AfterWords is a series of community-contributed reflections intended to further the conversations that begin during Parish sermons.
A 3-Minute Read
by Laura Boggs
In George MacDonald’s Princess and the Goblin, the great-great-grandmother of Princess Irene gives her a ring, tied to a thin but strong thread. The young princess is told that when she’s scared or in trouble, she need only put the ring under her pillow and follow the thread.
“Then you must lay your finger, the same that wore the ring, upon the thread, and follow the thread wherever it leads you.”
“Oh, how delightful! It will lead me to you, Grandmother, I know!”
“Yes. But, remember, it may seem to you a very roundabout way indeed, and you must not doubt the thread. Of one thing you may be sure, that while you hold it, I hold it too.”
The jazz club owner steps up to the microphone to wish us good evening. But her customers, absorbed in cocktails and conversation, are not listening. So she stands there, silent, and stares at us. She does not clap her hands or clear her throat. She just… waits. She’s dressed in sparkles, but her demeanor is dead serious, teacher-like. Within seconds, we shut up.
Now we are listening. I swear you could hear an ice cube shift in its glass.
“There you are.” Her voice is deep, slow, as she welcomes us to the narrow space with rugs upon rugs on the floor. “This,” she says, “is a true listening room.”
Suddenly, forty of us have become one.
We stay that way, one, as three—pianist, guitarist, bassist—take to the tiny stage. Luke and I are sitting in the very front. As the trio plays, we listen with our ears, our eyes, our whole bodies. I feel the bodies behind us, also leaning in.
Last year, I wrote about how a Parish gathering feels like a true listening room.
This past Sunday, Eric Seidel reminded us God is always speaking to us. Eric chronicled the many ways we can experience God—thinking ways and doing ways, together ways and alone ways, feeling ways and being ways.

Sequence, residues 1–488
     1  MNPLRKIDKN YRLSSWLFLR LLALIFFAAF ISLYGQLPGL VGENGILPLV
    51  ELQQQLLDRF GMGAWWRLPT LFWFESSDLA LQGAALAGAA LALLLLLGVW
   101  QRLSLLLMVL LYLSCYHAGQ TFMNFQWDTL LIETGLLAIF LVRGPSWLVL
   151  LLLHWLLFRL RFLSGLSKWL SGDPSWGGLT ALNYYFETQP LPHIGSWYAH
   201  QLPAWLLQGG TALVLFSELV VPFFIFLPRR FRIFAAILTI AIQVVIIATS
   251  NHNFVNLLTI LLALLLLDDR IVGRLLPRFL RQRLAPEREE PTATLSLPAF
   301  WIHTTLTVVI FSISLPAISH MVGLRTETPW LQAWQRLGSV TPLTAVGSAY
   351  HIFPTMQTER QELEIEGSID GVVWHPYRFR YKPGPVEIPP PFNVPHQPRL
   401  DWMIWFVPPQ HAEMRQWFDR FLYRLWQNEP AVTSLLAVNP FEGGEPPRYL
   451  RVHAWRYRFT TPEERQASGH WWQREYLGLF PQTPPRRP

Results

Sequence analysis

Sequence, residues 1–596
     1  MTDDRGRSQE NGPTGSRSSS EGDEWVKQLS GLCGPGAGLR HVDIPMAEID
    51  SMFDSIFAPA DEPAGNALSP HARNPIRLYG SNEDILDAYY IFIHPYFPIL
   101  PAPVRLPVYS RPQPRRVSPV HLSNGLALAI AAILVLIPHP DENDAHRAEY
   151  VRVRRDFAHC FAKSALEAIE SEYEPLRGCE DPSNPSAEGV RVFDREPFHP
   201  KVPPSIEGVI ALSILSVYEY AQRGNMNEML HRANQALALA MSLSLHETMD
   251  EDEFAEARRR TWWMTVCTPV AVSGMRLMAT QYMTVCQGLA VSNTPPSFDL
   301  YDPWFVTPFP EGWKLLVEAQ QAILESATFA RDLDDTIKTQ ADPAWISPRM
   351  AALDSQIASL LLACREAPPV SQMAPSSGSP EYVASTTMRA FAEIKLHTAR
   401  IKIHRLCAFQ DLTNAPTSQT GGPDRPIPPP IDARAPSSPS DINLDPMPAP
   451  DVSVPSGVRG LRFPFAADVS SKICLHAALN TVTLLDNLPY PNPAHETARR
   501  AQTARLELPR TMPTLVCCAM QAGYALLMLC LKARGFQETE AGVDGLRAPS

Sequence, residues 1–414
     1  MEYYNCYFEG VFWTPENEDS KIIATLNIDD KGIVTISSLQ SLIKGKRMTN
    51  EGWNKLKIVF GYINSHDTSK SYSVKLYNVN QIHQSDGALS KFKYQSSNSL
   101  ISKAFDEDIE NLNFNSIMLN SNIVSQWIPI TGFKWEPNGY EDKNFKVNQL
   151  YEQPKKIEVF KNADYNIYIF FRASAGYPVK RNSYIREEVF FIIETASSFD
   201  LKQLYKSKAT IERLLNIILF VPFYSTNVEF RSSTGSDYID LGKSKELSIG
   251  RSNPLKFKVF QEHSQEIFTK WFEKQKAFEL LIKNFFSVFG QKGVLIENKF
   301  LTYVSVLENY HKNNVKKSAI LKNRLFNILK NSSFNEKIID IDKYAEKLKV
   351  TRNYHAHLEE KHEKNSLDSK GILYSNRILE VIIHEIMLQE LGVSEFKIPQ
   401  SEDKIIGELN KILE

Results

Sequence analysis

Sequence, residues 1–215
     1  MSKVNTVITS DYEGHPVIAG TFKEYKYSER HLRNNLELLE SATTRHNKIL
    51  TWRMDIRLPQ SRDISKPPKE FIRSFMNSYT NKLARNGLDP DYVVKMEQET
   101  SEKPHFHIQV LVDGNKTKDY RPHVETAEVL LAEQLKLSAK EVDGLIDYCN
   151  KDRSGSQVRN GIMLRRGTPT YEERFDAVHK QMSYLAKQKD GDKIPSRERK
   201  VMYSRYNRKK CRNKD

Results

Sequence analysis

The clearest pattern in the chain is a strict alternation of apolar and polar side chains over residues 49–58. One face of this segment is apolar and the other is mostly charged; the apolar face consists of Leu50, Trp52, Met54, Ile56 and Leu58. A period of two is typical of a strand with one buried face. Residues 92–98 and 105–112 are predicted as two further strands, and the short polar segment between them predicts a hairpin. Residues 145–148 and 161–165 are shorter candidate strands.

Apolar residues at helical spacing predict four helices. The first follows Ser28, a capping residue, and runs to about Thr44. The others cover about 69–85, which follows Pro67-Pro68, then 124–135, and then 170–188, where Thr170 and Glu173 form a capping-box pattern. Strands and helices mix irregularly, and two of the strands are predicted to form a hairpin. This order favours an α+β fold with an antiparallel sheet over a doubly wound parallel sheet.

Little listening rooms everywhere.
In these, we do our spiritual sorting, glimpsing where God is active in our days and nights. Here, we tap into thou my best thought.
But sometimes, we close our ears. I should speak for myself: I close my ears. I am too (fill in the blank—distracted, drained, busy talking) to hear. More often than not, I’m a lousy listener. I need someone, teacher-like (thank you, Eric!), to remind me to…
Sit with a centering prayer.
Open a book of poetry.
Walk in the woods.
Have you ever sat over coffee with a friend and become lost in their story? You sit on the edge of your chair. You forfeit your next move. You forsake Oh, I know what you mean! and That once happened to me…
You forget that your cappuccino is getting cold.
This, I believe, is a form of prayer.
We are, as Father Gregory Boyle would say, “returning each other to ourselves.” Just as God returns us to ourselves. (“The deepest me is God!” St. Catherine of Genoa shouted in the streets.)
We love God—and one another—with acts of listening. This is the place where what Boyle calls “exquisite mutuality” is born, where the “connective tissue of love” binds us together, with each other and with Abba, Jesus, Spirit.
There’s a thin but strong thread, a throughline, when we are keen to hear. God is talking—and (what generosity!) listening.
Let us count the ways.
Eric shared with us a map, of sorts, that divided and subdivided the ways.
Here’s what was not part of that graphic (a sermon for another day): the ways we get in the way. I could draw you that map, my friends. I am the cartographer of circuitous routes. And I know a thing or two about dropping the thread. But Jesus is patient as I grow into getting out of the way. He does not clap his hands or clear his throat. He stays in the room as I learn to listen. To set aside my agenda. To abandon the scavenger hunt for silver linings. To untie the bows of There’s a reason and, worse, Here’s what I think it is.
Though I wander off-map, Jesus doesn’t head for the door.
May more of this life bring quiet rooms with rugs piled high to absorb the noise. May more hours be tell-me-your-story hours over coffee with a friend.
My Friend, all ears, is kind to wait for me. Finally, he smiles and says, There you are.
The room of love is another world. You go there wearing no watch, watching no clock. It is the world without end, so small that two people can hold it in their arms, and yet it is bigger than world on world, for it contains the longing of all things to be together, and to be at rest together. – Wendell Berry, Hannah Coulter